When you want to explore an idea, take a break, or change direction in life – do you ask others for permission? Are you someone who will consider options and make a decision based on your values and resources, or do you tend to set aside your own priorities and sacrifice your health, sanity, or integrity to please others?
A broad definition of ‘permission’ is consent, authorization, an ‘ok’ – basically, approval from others. Permission can be appropriate and useful in many circumstances; however, a pattern of repeated sacrifices to one’s health and well-being can be harmful, including when practiced as self-loathing. Habits of trying to ‘keep up with the Joneses’, feed someone else’s ego, or serve someone else’s values damage one’s mental, emotional, spiritual, and physical well-being.
Steps to practice in giving yourself permission:
- Take time to really evaluate your core values.
- Pay attention to (and maybe change) the language you use with yourself.
- Learn more about setting healthy boundaries: Talk to a qualified coach or counselor.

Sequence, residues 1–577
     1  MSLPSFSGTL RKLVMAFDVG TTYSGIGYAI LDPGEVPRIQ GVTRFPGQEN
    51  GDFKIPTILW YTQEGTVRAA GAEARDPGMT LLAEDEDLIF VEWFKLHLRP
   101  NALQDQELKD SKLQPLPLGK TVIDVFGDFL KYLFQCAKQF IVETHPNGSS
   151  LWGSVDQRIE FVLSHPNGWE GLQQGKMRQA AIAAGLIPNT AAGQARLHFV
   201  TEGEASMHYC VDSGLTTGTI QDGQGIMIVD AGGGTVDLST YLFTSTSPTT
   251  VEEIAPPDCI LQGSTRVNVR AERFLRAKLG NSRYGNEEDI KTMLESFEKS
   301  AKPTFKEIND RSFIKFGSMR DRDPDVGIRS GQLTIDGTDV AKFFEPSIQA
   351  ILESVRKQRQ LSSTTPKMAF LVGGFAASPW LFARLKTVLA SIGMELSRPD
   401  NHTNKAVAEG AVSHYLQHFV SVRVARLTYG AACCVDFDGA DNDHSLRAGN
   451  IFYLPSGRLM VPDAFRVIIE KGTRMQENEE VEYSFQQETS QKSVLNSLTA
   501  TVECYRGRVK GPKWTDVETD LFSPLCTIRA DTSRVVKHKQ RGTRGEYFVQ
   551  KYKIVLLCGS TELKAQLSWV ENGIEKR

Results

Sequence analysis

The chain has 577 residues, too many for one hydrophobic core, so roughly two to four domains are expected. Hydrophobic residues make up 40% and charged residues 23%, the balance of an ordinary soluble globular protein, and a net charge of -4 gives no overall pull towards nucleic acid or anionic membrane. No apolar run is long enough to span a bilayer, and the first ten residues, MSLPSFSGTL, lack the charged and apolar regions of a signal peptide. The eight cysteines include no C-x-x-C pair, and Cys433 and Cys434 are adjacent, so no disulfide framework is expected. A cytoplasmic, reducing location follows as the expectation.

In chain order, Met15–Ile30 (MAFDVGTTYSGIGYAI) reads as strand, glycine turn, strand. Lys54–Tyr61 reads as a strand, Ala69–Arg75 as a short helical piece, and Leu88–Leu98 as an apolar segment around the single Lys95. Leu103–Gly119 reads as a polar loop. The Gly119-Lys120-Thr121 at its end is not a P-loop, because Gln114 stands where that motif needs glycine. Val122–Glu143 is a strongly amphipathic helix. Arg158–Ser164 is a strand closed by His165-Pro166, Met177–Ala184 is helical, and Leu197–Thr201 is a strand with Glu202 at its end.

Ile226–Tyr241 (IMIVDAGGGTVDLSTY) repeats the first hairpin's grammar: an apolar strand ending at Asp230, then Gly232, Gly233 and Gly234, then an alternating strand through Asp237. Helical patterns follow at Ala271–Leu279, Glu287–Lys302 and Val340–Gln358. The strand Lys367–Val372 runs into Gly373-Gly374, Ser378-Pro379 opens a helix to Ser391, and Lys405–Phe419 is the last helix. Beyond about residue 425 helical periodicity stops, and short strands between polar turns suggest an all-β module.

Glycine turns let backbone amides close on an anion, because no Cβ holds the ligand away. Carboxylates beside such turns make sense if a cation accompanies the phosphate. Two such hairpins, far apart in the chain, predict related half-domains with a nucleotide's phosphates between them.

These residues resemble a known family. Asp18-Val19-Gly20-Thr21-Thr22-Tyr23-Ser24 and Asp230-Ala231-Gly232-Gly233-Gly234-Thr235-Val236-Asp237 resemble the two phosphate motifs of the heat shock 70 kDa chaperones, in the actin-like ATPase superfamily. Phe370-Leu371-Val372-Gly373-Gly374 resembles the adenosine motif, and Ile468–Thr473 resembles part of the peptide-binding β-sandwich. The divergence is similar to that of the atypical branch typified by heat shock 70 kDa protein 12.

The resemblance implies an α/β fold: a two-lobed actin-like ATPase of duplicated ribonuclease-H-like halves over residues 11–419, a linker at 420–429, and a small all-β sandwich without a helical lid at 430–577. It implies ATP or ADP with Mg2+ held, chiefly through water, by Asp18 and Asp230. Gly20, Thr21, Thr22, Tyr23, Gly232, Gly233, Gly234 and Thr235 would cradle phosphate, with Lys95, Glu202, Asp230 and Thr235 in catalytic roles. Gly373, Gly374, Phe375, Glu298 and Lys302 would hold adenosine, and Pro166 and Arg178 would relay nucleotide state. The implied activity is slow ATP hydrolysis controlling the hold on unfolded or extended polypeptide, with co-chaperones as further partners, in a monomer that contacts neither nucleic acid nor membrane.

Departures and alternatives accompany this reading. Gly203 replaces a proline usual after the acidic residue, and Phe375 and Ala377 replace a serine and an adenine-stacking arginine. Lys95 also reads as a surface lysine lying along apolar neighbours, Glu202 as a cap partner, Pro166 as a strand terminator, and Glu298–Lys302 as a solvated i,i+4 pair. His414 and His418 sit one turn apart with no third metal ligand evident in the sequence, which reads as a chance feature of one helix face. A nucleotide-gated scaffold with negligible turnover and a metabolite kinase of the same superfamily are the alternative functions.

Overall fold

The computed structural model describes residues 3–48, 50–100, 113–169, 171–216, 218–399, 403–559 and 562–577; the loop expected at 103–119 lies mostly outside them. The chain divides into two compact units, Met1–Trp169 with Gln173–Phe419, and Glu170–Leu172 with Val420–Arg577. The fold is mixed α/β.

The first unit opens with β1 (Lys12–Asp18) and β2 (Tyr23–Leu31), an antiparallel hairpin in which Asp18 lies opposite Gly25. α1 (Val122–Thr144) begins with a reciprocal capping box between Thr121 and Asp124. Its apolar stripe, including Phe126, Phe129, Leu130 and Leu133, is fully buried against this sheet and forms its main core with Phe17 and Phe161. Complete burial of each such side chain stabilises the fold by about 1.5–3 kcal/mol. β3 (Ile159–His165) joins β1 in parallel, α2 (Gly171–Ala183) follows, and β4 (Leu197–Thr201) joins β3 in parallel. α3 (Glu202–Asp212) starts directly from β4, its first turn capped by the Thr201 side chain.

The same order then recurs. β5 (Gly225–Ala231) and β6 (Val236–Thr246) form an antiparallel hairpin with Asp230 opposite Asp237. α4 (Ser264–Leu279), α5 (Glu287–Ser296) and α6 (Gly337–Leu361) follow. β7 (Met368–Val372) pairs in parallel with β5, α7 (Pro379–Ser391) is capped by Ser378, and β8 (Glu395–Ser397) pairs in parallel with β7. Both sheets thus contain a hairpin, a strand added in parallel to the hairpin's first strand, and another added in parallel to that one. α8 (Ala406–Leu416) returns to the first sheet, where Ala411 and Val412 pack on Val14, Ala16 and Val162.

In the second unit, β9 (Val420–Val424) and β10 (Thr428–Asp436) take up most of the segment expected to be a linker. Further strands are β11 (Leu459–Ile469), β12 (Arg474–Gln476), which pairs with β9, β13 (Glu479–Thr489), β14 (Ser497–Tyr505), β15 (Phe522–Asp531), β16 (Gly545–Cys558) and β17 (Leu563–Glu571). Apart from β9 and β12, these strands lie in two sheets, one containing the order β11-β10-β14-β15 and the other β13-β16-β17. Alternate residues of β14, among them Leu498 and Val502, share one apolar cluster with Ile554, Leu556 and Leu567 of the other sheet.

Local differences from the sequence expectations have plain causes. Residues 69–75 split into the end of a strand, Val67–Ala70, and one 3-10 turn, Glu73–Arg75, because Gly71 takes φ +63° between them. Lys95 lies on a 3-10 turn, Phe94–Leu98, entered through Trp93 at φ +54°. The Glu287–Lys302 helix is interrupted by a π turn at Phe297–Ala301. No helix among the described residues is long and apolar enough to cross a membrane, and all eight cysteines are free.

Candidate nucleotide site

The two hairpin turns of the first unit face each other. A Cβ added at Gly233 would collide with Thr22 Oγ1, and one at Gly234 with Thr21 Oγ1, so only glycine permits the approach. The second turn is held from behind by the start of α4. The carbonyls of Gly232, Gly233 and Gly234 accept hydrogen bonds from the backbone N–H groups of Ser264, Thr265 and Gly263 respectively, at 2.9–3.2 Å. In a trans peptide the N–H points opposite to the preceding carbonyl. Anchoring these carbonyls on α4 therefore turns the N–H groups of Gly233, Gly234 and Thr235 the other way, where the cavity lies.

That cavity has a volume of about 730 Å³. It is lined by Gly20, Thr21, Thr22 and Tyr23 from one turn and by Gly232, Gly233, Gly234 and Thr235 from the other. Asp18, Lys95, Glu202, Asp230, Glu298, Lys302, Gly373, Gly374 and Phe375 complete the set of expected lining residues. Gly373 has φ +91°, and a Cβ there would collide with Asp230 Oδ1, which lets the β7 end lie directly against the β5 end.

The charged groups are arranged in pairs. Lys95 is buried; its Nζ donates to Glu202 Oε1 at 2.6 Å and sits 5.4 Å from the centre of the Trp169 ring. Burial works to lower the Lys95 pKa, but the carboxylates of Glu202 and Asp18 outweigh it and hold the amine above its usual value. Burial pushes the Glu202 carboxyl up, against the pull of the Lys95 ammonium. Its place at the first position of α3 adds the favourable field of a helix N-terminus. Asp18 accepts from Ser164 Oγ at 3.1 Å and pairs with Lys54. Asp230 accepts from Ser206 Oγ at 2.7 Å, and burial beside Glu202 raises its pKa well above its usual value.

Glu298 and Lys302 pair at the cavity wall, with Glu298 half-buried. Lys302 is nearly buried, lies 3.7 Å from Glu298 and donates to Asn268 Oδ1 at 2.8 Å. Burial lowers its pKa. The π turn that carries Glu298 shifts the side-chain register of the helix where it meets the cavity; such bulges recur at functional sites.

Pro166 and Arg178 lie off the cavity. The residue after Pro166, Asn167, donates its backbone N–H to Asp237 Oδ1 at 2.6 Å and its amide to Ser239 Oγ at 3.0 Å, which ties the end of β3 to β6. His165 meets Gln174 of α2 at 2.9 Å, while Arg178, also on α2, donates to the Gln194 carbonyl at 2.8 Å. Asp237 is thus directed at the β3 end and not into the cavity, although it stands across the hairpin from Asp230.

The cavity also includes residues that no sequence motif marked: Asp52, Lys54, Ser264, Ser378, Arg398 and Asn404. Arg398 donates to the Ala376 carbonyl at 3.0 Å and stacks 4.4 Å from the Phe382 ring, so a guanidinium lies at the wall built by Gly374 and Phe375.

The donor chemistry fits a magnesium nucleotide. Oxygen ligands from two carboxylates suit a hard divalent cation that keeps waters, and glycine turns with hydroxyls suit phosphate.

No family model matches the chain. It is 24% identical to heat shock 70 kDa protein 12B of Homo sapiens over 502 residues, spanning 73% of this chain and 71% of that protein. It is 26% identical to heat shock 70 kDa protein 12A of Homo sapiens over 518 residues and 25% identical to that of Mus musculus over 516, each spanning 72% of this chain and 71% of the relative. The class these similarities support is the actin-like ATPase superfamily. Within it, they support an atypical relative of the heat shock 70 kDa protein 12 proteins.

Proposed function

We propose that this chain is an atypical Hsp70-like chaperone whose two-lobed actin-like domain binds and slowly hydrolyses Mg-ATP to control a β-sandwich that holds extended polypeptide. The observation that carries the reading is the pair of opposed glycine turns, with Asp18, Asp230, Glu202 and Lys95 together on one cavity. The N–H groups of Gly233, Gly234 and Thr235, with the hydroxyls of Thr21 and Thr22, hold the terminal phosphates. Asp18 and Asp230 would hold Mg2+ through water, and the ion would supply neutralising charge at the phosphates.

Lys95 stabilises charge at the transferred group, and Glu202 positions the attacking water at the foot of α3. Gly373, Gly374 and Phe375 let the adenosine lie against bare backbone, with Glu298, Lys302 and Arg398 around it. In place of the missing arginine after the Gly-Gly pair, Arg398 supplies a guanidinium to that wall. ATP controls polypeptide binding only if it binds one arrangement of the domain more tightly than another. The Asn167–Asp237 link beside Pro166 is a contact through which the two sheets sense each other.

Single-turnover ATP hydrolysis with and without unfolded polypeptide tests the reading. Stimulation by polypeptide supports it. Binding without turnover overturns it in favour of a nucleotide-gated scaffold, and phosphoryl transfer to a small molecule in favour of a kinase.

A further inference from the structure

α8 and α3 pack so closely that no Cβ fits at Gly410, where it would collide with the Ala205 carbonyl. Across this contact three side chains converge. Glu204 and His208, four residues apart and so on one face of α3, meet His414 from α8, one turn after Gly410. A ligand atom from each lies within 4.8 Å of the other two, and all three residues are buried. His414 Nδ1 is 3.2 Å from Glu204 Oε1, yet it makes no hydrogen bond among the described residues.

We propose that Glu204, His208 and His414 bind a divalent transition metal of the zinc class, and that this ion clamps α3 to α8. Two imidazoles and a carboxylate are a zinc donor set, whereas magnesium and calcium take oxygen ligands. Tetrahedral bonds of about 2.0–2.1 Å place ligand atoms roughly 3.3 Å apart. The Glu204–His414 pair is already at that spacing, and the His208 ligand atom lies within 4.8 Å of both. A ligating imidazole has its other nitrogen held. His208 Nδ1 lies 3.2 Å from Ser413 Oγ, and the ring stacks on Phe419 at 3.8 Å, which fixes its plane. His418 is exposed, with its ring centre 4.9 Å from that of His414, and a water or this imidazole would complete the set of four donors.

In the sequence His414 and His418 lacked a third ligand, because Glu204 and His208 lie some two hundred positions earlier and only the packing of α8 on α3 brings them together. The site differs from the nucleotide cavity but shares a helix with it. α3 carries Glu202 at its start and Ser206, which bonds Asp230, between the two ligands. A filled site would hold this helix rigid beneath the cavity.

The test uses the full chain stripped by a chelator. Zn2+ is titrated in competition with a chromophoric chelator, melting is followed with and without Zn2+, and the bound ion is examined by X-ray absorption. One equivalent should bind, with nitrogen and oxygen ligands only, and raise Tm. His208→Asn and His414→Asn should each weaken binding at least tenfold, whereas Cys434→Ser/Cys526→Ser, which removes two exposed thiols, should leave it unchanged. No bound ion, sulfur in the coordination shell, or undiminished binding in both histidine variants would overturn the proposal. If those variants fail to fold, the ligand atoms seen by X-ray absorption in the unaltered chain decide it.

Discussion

- Remember to consider the context in which you and others behave – we all have a story.
- Are you a human? Human’s make mistakes. Humans change their minds.
- Consider the Higher Principles of Gratitude, Acceptance, Compassion, Meaning, and Forgiveness.
The tough stuff can also be the most meaningful, the most healing. These practices include setting and keeping boundaries; showing compassion for self and others; and adapting to circumstances while maintaining integrity. I “dare” you to give yourself permission: to take an extra moment of quiet time, to step away from your work station for lunch, to read a book simply for fun. Best wishes!
-Nicole Burow, Health & Wellness Coach